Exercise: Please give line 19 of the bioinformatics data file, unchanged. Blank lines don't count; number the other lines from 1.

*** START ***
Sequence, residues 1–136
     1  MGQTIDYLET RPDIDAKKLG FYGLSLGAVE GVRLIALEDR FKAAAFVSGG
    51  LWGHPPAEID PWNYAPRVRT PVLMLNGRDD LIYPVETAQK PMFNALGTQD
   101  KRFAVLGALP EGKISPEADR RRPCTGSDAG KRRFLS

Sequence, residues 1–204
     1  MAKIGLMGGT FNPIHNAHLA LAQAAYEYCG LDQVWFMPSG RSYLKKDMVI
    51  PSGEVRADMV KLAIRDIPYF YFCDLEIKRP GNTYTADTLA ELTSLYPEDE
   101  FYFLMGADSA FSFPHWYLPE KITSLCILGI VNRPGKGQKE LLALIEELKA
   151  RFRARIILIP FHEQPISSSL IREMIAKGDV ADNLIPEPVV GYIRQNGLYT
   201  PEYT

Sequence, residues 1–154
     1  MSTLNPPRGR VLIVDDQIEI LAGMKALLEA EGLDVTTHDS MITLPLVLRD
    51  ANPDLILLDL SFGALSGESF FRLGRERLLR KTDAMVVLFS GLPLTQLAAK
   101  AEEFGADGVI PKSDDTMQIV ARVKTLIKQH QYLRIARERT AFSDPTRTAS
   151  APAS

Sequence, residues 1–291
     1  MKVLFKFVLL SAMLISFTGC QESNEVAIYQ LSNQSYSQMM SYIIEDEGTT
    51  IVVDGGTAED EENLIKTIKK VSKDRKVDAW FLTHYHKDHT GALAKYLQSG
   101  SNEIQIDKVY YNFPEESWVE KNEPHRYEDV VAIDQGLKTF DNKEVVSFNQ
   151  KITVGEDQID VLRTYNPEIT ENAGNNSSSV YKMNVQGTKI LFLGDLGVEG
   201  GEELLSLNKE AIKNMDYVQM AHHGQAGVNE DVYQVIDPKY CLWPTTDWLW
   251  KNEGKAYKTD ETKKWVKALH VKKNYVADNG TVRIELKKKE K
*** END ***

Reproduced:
   101  SNEIQIDKVY YNFPEESWVE KNEPHRYEDV VAIDQGLKTF DNKEVVSFNQ